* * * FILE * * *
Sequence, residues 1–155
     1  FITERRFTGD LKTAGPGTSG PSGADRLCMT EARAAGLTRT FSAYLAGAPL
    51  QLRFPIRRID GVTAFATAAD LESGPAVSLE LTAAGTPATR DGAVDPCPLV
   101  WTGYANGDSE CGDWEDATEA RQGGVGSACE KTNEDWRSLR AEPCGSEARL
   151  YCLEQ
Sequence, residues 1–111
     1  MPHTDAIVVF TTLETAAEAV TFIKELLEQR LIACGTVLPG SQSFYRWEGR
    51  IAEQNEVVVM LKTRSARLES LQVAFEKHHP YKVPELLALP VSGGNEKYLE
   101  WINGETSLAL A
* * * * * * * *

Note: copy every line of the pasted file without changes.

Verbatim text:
Sequence, residues 1–155
     1  FITERRFTGD LKTAGPGTSG PSGADRLCMT EARAAGLTRT FSAYLAGAPL
    51  QLRFPIRRID GVTAFATAAD LESGPAVSLE LTAAGTPATR DGAVDPCPLV
   101  WTGYANGDSE CGDWEDATEA RQGGVGSACE KTNEDWRSLR AEPCGSEARL
   151  YCLEQ
Sequence, residues 1–111
     1  MPHTDAIVVF TTLETAAEAV TFIKELLEQR LIACGTVLPG SQSFYRWEGR
    51  IAEQNEVVVM LKTRSARLES LQVAFEKHHP YKVPELLALP VSGGNEKYLE
   101  WINGETSLAL A